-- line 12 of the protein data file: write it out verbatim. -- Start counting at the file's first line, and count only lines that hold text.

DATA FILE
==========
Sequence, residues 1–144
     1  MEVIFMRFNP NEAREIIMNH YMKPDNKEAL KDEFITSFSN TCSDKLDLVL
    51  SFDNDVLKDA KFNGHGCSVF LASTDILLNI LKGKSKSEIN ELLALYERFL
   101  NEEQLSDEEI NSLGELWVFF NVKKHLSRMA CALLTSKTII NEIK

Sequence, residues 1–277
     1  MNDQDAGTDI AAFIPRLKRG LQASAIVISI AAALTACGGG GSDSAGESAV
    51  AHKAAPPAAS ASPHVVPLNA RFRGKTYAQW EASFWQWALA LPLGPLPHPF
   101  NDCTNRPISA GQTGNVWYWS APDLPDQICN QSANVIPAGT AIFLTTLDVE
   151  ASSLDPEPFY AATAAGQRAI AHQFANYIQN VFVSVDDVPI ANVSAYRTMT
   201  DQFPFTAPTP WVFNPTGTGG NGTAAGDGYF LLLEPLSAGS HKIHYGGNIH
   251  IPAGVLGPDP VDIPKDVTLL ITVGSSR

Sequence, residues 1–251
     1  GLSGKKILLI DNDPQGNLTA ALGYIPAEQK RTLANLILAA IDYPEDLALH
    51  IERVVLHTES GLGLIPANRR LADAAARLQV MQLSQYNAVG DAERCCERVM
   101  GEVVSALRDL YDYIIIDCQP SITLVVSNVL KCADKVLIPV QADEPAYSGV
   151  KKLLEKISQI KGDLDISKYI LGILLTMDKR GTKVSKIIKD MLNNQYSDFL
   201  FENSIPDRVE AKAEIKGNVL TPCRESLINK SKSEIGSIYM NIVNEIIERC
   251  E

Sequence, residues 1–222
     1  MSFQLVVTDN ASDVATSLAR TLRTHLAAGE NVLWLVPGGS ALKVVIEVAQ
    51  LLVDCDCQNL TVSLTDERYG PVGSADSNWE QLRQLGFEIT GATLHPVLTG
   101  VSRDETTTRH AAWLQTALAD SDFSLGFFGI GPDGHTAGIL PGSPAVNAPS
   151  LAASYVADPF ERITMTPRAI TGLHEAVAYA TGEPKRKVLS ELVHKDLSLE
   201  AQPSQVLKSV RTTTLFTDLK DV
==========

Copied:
Sequence, residues 1–251